Prior to entering into an insurance contract, every material representation made by the insured must be true. If it is not, the insurer may avoid the contract. The Judge confirmed that materiality has the same meaning as for non-disclosure (see above). Further, there is no requirement for an insurer to prove that the insured's misrepresentation was negligent or fraudulent.
Concerning inducement, the Judge clarified that an insurer is only entitled to avoid a policy if the material non-disclosure or representation was a substantial cause affecting the underwriter's decision to enter into the contract, or to do so on the terms agreed.
The Judge found that there was material non-disclosure and misrepresentation on the part of F&B, which had induced Brit to write the risk on the terms that it did. As such, the Judge confirmed that Brit had validly avoided the policy for material non-disclosure and misrepresentation. In reaching her decision, the Judge considered that:
- the events concerning the increased level of earth settlement were "matters which clearly would influence the judgment of a prudent insurer in determining the terms of any policy or in deciding whether to take the risk on at all.";
- the exposure to a claim for liability to the Contractor for remedial costs and losses in the future "was plain the moment there was a significant deviation from the predicted 2-4mm of settlement". The same was said about the void in the road;
- the words represented to Brit that it did not work under or in close proximity to active railway lines was false (given that the railway line at the Site was active during the tunnelling works); and
- the fact that F&B "had tunnelled in and near an active railway line was also a material matter that ought to have been disclosed to Brit. Both Mr Rudden and Mr Blackburn [the parties' expert witnesses] agreed that that [sic] an underwriter would be likely to consider that tunnelling under active railway lines would attract a higher excess or premium than if the tunnelling was taking place under inactive lines. Tunnelling under active lines clearly creates a more hazardous risk."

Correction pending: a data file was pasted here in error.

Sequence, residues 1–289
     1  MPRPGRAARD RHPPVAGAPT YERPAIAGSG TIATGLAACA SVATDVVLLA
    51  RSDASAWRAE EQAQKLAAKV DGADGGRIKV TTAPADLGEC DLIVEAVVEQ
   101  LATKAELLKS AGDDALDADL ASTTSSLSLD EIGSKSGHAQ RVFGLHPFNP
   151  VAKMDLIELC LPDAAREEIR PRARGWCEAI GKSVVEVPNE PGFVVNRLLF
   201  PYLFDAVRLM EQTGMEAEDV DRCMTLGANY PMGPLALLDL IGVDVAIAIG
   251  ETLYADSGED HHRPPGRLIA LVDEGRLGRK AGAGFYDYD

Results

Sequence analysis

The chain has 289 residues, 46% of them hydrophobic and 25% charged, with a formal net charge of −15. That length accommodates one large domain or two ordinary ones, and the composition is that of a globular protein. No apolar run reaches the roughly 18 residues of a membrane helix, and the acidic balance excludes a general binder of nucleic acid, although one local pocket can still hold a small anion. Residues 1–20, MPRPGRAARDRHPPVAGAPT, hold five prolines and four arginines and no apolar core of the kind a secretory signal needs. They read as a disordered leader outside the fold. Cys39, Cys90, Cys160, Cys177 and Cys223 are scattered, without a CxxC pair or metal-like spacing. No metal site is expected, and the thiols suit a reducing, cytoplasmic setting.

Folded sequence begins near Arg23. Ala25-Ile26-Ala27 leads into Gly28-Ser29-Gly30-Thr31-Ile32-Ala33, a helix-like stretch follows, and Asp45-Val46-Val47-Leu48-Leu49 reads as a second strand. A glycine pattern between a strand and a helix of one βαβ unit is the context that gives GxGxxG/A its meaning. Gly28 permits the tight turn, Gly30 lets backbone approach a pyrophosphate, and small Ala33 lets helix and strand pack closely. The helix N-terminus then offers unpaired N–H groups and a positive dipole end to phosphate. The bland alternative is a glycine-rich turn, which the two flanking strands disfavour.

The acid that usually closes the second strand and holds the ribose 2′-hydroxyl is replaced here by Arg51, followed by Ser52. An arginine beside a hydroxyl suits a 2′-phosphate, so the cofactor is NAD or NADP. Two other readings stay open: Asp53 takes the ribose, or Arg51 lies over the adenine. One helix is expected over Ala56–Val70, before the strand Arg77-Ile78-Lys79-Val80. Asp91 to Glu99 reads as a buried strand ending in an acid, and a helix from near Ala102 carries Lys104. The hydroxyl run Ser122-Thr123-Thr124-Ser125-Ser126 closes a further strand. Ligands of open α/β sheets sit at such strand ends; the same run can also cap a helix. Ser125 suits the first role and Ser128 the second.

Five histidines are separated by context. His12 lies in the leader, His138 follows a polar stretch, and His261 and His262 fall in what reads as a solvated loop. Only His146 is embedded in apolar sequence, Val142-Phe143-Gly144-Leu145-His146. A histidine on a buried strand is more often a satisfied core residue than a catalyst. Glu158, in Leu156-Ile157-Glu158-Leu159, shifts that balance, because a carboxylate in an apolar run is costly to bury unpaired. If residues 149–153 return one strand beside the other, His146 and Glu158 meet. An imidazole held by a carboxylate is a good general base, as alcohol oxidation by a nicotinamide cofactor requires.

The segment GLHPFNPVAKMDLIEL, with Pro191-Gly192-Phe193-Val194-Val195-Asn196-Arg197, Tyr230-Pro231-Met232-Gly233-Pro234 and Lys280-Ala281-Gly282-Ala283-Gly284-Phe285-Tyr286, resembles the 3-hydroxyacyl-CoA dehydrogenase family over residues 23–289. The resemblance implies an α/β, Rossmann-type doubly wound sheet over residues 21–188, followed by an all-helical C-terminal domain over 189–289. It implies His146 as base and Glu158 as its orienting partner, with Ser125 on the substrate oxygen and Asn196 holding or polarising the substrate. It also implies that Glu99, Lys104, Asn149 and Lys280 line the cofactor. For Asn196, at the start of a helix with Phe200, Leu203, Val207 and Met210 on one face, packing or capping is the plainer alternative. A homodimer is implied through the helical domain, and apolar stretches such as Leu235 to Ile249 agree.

According to the Judge the "central flaw" in F&B's defence was that the objective nature of the test for materiality was overlooked. F&B's own opinion of the significance or otherwise of the earth settlement did not determine materiality – to do so would mean that F&B would be the "judge and jury" on the risk in which the underwriter is contemplating.
This decision should serve as a useful reminder to insureds, to ensure that they are fully aware of their duty of disclosure to insurers.
When the Insurance Act 2015 (the Act) comes into effect on 12 August 2016, insurers will only be able to avoid the policy where (a) the insured's breach of the duty of fair presentation was deliberate or reckless (insurer can retain the premium), or (b) the insurer can prove that it would not have written the policy at all (insurer must return the premium).
In the event that the insurers would have accepted the risk but on different terms, the Act provides that the policy is to be treated as if it included those terms (eg higher excess). Further, if the insurer would have entered into the contract but charged a higher premium, the Act provides that the insurer may reduce proportionately the amount to be paid on a claim.
Avoiding an insurance policy is a drastic remedy, and such action is not taken lightly by insurers. The Act will introduce a fair and balanced new regime between insurers and insureds, and, as a result, insurers will only be able to avoid cover completely in limited situations. However, to enjoy the benefit of full cover, the insured still needs to understand the objective nature of what information is material to an insurer for underwriting purposes.